Head & Neck

Treatment Options

Your doctor will create a unique plan that focuses on achieving the goal you set together. That goal may be curative, or it may be to manage symptoms. Understanding the goal, as well as the benefits and risks of each option, will help you be more prepared to make shared treatment decisions with your doctor.

A personalized treatment plan is made up of many factors. Your doctor considers the stage or classification, type and location of your disease, and your age and your general health. Another important element is your vision of a desired quality of life, so talk with your doctor about how the suggested therapies may best fit in with your expectations.

As you consider treatment options, ask about palliative care, which focuses on providing physical and emotional relief for symptoms and side effects. It’s often mistaken for hospice care, but it actually accompanies your regular treatment. Starting it early in the treatment cycle has been shown in some cases to improve quality of life and extend survival rates.

Using one or more of these therapies, your doctor will also focus on preserving (as much as possible) your ability to speak, eat and breathe normally.

Surgery is the primary method for treating many solid tumors. Sometimes it is the only treatment needed for early-stage cancer. Many types of surgery are available to treat head and neck cancers, including those to stage the cancer or to relieve or prevent symptoms that might otherwise occur later. A neck dissection, which is the removal of lymph nodes and surrounding tissue from the neck, is a common procedure during head and neck cancer treatment. Surgery is often used in addition to other treatment types. Reconstructive Surgery may also be an option if appearance or functionality needs to be restored.

Drug therapy uses medications to destroy cancer cells, prevent progression or slow down their growth. The most widely used systemic therapies for head and neck cancer are chemotherapy, immunotherapy and targeted therapy (see Figure 1).

 

Chemotherapy is a systemic therapy (one that travels throughout the body) that may be given through a small tube inserted into a vein (IV) or taken orally as a pill. A specific strategy may consist of a single chemotherapy drug, a combination given at the same time, or one after another. It may be used alone or with other forms of treatment.

Immunotherapy trains the immune system to respond to cancer cells and has the potential for a more lasting response that extends beyond treatment. Immune checkpoint inhibitors are approved by the U.S. Food and Drug Administration for head and neck cancer and may be given intravenously (IV). They target the proteins PD-1 (programmed cell death protein 1) and PD-L1 (programmed cell death-ligand 1) found on cells of the immune system and cancer, respectively. Normally when these proteins interact, the immune system is shut down. The immune checkpoint inhibitors block this activity, thereby boosting the immune system’s cancer-fighting response (see Figure 2).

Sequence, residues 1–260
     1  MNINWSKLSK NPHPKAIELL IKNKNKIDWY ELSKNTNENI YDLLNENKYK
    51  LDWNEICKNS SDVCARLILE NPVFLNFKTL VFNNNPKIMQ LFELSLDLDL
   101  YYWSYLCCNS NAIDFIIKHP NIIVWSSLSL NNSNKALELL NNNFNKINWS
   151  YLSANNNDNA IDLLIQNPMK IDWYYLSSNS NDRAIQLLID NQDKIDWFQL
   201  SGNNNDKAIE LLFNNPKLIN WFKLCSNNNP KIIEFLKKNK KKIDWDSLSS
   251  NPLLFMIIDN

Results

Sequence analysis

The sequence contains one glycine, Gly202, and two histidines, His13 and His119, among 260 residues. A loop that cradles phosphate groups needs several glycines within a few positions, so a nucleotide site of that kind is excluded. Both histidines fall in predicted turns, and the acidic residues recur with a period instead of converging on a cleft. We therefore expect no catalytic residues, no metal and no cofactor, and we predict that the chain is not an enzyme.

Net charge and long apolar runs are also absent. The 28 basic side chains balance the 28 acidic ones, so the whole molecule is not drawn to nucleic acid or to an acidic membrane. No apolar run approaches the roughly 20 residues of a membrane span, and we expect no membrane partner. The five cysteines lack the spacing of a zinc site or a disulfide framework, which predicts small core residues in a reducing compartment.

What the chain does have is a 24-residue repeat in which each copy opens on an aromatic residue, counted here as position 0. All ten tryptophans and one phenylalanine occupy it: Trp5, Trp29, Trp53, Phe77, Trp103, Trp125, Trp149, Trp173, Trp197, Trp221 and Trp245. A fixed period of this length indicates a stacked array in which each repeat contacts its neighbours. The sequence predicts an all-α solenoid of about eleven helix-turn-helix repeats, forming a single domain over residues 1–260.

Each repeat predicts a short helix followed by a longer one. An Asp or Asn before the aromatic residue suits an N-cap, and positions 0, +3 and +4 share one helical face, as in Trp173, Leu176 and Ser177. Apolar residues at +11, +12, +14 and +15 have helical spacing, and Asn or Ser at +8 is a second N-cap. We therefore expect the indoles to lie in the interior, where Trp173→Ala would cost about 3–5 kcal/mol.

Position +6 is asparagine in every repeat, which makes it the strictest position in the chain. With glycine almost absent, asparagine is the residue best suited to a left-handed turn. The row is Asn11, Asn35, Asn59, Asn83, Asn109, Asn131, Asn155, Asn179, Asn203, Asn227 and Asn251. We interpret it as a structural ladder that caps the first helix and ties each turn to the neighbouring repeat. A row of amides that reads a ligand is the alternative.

Targeted therapy uses drugs or other substances to identify and attack specific types of cancer cells to help slow or stop cancer growth. They may be given intravenously (IV). Many are oral medications, and some may be given in combination with other drug therapies. To treat certain head and neck cancers, these drugs target specific genes, such as BRAF, RET and NTRK, or proteins and growth factors, including VEGF, EGFR and MEK. It may be used with or without chemotherapy and after surgery for advanced stage head and neck cancers.

 

Some head and neck cancer drugs As of 3/2/21
bleomycin sulfate (Blenoxane)
cabozantinib (Cometriq)
cetuximab (Erbitux)
cisplatin (Platinol)
dabrafenib (Tafinlar) and trametinib (Mekinist)
docetaxel (Taxotere)
doxorubicin hydrochloride (Adriamycin)
entrectinib (Rozlytrek)
hydroxyurea (Hydrea)
larotrectinib (Vitrakvi)
lenvatinib (Lenvima)
methotrexate sodium (Methotrexate LPF)
nivolumab (Opdivo)
pembrolizumab (Keytruda)
pralsetinib (Gavreto)
selpercatinib (Retevmo)
sorafenib (Nexavar)
vandetanib (Caprelsa)

 

Radiation therapy is the use of high-energy particles, such as X-rays, to kill cancer cells and may be used alone or with other treatments. It is sometimes recommended when cancer has spread to the bones, and it is commonly used after surgery to kill any remaining cancer cells to lower the risk of recurrence. When it is used after surgery, it is called adjuvant therapy. Radiation therapy may also be used to manage pain.

Radiation therapy is delivered externally and internally. External-beam radiation therapy (EBRT) is delivered from a machine and is used to treat many types of cancer. Types of EBRT include proton therapy, 3-D conformal radiation therapy, intensity-modulated radiation therapy (IMRT), hyperfractionated therapy and stereotactic radiosurgery.